Shifting back to the North, the fifth chapter argues that a similar resistant force was present in transnational freelance curatorial practices like those of the much-lauded Harald Szeemann, who mocked his own itinerant status by describing himself as a Gastarbeiter, the German euphemism for migrant laborers from countries like Turkey and Vietnam (like Szeemann, Jones seems to miss the racialized condescension of this usage). The two closing chapters outline an optimistic vision of art’s ability to oppose the malignant effects of global neoliberalism in which the transformative capacity of “critical globalism” is linked to the ascendance of immersive, participatory, and event-based formats, and thereby to what Jones calls an “aesthetics of experience,” typified by such artists as Mariko Mori and Tino Sehgal.
Given that researchers in curatorial studies and exhibition history have for some time now been seeking to provincialize the global center by developing genealogies of South-South exchange, Jones’s Venice-centered model might strike some as contrary or even retrograde inasmuch as it often speaks of “the biennial” as a homogenous entity, downplaying such minoritarian or contestatory tendencies. However, even specialists in those fields are likely to find much of interest in this book, which mobilizes a vast archive to power a lively, often seemingly encyclopedic discussion that embraces topics ranging from Denis Diderot’s account of a blind mathematician to the history of exhibiting members of colonized indigenous populations.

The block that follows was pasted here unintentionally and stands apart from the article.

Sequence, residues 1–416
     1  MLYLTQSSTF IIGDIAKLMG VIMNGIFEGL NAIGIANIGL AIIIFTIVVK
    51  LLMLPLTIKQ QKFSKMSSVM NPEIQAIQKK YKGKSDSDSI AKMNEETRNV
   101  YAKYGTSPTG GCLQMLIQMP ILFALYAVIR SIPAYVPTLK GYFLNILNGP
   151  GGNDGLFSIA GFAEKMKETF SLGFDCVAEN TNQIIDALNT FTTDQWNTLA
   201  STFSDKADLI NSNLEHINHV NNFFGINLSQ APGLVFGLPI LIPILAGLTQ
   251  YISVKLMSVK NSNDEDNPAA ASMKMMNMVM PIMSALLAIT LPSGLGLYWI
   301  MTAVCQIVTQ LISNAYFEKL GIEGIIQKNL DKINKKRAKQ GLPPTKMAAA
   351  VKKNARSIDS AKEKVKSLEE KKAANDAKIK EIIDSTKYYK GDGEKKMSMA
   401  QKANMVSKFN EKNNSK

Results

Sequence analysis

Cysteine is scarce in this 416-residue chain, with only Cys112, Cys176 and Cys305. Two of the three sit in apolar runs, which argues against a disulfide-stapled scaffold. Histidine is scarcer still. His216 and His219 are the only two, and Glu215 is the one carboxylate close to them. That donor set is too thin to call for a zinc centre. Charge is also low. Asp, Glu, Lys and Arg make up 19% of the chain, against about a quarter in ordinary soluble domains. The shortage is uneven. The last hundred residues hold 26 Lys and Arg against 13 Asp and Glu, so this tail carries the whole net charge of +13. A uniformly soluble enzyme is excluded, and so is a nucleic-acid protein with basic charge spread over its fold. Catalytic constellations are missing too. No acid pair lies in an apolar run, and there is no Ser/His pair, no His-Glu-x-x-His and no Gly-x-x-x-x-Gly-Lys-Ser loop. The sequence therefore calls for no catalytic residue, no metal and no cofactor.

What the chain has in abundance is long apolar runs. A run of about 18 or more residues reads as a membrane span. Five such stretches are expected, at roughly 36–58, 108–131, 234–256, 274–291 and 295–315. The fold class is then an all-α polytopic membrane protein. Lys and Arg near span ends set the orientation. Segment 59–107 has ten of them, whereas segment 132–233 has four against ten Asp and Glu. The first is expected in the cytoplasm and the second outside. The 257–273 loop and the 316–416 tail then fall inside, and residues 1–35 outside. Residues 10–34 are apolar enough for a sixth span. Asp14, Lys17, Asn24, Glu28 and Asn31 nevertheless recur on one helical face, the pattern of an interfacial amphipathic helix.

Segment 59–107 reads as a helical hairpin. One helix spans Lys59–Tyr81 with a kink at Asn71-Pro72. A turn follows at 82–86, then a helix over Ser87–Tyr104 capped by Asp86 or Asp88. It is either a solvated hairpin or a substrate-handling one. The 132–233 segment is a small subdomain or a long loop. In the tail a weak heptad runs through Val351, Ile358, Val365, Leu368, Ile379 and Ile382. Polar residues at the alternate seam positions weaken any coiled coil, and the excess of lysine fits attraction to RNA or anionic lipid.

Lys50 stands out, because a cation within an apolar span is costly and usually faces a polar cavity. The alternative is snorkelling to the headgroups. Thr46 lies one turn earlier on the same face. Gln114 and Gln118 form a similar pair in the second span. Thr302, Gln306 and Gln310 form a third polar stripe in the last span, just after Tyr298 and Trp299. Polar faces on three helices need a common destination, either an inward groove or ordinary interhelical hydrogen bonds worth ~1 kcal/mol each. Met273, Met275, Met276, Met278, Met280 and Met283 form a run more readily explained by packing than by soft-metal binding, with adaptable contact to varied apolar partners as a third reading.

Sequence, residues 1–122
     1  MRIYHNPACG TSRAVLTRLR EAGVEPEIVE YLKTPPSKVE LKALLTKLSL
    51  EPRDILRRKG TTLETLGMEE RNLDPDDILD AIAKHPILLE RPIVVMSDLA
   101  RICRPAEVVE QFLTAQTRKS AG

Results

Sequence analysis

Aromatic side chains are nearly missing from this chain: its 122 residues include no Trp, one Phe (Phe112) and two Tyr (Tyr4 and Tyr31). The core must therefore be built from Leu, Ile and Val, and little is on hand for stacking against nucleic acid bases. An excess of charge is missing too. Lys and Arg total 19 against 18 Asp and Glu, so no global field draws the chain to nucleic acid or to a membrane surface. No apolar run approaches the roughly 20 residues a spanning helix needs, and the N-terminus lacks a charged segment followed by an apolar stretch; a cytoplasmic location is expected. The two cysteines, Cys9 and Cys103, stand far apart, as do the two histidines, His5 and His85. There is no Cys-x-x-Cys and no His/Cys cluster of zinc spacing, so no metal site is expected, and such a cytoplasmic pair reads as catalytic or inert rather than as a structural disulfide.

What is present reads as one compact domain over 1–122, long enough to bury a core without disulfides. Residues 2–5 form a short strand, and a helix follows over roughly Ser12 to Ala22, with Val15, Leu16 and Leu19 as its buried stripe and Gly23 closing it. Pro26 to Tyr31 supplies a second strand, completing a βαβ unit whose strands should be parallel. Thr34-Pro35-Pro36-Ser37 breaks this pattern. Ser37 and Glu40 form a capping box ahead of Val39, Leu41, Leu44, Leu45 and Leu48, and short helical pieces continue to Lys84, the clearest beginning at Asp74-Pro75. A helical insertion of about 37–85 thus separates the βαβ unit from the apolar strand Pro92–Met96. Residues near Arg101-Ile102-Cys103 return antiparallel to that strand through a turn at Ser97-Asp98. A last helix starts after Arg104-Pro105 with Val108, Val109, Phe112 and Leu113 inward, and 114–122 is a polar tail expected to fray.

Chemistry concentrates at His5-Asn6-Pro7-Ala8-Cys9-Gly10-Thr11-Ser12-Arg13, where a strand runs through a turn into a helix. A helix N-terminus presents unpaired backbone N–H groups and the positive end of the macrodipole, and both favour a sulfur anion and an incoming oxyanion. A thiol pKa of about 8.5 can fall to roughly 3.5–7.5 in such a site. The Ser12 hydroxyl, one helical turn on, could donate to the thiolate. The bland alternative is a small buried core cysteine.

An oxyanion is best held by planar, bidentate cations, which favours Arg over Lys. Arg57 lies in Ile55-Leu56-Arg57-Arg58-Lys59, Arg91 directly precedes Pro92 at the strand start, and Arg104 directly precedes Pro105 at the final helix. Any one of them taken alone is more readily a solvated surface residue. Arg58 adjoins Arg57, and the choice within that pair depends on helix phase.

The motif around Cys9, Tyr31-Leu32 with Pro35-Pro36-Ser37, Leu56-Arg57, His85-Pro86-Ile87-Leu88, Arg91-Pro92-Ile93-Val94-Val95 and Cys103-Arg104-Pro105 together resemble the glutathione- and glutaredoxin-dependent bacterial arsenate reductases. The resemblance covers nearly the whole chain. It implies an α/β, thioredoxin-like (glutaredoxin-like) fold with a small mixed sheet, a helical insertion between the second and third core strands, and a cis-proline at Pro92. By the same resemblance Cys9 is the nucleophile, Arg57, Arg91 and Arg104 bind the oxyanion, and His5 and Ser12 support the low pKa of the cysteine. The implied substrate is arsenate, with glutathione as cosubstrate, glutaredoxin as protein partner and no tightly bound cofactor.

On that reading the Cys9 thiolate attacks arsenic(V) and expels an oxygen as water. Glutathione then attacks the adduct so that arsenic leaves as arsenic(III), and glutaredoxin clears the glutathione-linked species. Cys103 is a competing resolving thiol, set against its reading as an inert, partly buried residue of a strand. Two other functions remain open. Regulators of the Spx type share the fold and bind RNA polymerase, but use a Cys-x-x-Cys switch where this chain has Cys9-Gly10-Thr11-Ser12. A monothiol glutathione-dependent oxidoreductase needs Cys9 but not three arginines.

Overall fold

Complementing this impressive erudition is a keen sense for problems like “predicated internationalism”—the reinscription of cultural hierarchy in terms like “the Brazilian Rodin”—or the kind of compulsory self-exoticization often expected of artists from the global margins. Some of the book’s most interesting passages are those in which Jones draws on the work of disability theorists like Georgina Kleege, whose thinking has had a much more pronounced effect in visual culture than in art history.